You can't ask for a better case study, really. The Kodak vs Polaroid debacle, followed by Kodak vs Digital photography, perhaps? Well Dell vs everyone is a good one, anyway, although sometimes it looks like Dell vs Dell. Here's a link for you: Dell, the world's second largest PC vendor, plans to cut costs by $3 billion as it slashes the price of materials and components going into its gadgets and reduces operating expenses, including jobs, the company said Monday. "Now this does not happen overnight," said Lynn Tyson, vice president of investor relations at Dell, on the company's investor blog. "In fact we said we believe it will take three years to achieve an annualized savings of $3 billion. This means that before you adjust for growth, we believe our costs at the end of our fiscal 2011 will be $3 billion lower than at the end of fiscal 2008." Money saved from the cost reductions will be invested back into the business and used to improve profitability, Tyson said.
Now they are saying that they will cut some labour out of the business, which is a common way to cut costs. And they will cut out a PC production line - apparently they misjudged the size and timing of the switch to notebooks, although how they could do that is beyond me. Perhaps more worrying is that they plan to "seek savings in all areas, from design, manufacturing, logistics, materials, and operating expenses", and that they "may also sell or spin off...Dell Financial Services".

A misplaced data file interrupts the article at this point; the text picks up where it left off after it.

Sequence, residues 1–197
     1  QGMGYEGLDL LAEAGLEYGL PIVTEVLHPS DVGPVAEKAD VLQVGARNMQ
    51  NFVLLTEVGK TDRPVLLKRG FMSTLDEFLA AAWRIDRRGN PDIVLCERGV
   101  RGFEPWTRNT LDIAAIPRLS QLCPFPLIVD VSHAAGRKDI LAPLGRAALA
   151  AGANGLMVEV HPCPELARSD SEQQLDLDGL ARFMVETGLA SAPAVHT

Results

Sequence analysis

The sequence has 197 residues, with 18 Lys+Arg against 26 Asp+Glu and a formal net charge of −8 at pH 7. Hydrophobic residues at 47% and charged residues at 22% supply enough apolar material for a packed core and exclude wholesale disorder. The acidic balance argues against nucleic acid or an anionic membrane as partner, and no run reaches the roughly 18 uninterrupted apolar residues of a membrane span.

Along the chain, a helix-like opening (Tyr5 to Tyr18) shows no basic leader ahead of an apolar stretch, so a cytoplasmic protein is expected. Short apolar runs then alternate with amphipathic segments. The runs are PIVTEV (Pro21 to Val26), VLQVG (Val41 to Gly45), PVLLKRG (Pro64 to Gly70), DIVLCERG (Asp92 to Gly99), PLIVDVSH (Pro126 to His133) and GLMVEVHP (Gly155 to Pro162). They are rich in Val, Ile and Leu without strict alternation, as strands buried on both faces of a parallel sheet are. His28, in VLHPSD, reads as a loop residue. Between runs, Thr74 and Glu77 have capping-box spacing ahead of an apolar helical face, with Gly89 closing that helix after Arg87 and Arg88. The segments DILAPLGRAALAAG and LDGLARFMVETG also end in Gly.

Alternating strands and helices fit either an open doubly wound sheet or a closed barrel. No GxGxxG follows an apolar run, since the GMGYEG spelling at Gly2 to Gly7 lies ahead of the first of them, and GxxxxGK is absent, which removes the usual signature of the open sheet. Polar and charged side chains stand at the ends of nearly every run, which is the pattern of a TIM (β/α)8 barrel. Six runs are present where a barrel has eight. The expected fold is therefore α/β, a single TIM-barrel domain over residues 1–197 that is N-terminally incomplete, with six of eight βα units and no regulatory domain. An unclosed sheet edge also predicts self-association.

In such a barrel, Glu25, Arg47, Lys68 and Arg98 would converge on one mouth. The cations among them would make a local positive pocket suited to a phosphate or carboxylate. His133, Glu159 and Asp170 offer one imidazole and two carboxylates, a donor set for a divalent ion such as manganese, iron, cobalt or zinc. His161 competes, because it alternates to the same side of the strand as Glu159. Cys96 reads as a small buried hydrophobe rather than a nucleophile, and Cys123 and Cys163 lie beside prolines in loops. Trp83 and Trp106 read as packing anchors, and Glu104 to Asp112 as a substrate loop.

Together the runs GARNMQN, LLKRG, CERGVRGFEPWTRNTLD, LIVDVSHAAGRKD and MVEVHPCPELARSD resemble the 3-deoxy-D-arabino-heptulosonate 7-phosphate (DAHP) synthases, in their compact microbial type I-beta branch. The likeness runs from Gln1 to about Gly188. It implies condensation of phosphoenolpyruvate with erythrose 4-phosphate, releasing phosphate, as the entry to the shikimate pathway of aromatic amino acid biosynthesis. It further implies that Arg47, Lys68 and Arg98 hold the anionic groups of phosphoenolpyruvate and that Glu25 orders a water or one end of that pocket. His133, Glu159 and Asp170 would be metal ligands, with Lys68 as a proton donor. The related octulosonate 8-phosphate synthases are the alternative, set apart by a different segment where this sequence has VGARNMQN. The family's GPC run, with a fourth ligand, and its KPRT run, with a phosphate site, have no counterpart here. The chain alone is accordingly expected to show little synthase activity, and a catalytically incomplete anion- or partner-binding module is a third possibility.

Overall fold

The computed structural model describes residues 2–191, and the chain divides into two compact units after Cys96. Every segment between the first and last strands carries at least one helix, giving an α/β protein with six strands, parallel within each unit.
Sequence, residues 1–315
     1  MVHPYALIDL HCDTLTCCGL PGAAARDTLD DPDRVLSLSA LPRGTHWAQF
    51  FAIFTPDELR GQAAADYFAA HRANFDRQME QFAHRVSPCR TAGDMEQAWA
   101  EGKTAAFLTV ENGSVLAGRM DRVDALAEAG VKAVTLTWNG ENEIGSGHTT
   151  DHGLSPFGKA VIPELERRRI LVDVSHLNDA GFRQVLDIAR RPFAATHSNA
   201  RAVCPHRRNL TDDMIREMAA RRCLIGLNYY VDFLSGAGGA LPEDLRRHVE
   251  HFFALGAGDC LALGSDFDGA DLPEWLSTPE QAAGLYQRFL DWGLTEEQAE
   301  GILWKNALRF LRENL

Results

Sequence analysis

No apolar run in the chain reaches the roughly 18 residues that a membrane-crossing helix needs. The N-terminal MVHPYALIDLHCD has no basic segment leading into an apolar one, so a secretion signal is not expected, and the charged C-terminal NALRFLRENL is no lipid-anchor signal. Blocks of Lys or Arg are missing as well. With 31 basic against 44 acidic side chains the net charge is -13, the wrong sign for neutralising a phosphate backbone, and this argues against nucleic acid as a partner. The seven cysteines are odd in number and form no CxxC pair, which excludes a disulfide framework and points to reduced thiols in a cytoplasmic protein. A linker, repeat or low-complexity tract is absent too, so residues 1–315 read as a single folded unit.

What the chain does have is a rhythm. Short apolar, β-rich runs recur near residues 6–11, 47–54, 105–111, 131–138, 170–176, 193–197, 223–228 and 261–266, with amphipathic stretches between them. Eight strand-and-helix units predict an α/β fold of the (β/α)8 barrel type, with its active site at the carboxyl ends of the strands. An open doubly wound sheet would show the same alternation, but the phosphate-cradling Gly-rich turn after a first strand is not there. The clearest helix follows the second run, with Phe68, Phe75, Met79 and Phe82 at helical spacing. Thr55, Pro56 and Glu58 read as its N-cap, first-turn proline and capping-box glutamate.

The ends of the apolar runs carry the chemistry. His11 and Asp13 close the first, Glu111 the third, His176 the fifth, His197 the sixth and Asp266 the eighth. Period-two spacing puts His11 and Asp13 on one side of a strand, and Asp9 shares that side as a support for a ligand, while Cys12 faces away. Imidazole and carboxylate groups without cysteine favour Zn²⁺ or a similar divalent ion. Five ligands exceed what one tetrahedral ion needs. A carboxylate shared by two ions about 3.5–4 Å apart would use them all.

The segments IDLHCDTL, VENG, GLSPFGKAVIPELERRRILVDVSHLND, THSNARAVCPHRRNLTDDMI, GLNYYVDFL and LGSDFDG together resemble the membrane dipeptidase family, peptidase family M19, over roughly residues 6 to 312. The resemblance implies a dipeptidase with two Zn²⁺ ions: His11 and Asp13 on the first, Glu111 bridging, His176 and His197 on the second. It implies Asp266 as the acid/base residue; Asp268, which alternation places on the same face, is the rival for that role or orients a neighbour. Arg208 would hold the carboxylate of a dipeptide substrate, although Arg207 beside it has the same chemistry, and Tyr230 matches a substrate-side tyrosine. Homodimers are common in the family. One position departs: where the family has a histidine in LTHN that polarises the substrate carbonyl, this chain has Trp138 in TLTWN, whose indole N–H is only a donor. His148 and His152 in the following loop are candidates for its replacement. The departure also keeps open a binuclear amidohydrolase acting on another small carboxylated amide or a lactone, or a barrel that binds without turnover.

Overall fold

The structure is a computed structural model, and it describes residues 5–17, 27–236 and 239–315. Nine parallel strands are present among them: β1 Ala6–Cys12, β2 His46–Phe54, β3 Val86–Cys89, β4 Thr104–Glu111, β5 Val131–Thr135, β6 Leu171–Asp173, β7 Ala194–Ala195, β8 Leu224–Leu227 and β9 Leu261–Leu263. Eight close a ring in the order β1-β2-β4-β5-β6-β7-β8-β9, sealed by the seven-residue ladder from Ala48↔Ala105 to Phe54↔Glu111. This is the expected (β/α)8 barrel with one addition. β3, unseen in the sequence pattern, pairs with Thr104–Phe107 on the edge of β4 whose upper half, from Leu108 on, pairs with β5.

For a company that started out with a claimed innovative means of assembling PCs "to order" via super-cheap phone and on-line distribution, it's worrying that incremental review of operational costs is not embedded into the company ethos. After all, that's where they started. Pulling together reasonable quality components from competing suppliers in a just-in-time assembly process that met the individual needs of consumers, without the added overheads that the big players had built in. Oh dear. Maybe they became fat and lazy too?
Well if if needs to be knifed, so be it. As long as quality is maintained, at least where it is now, I mean. Any less and the compromises will peek through just a bit too clearly. But hiving off the finance arm? Is this a reflection of recent loss of focus on core competence? Or are they bleeding so badly that they need to convert assets to cash, pronto?
All very interesting to watch as this case study unfolds.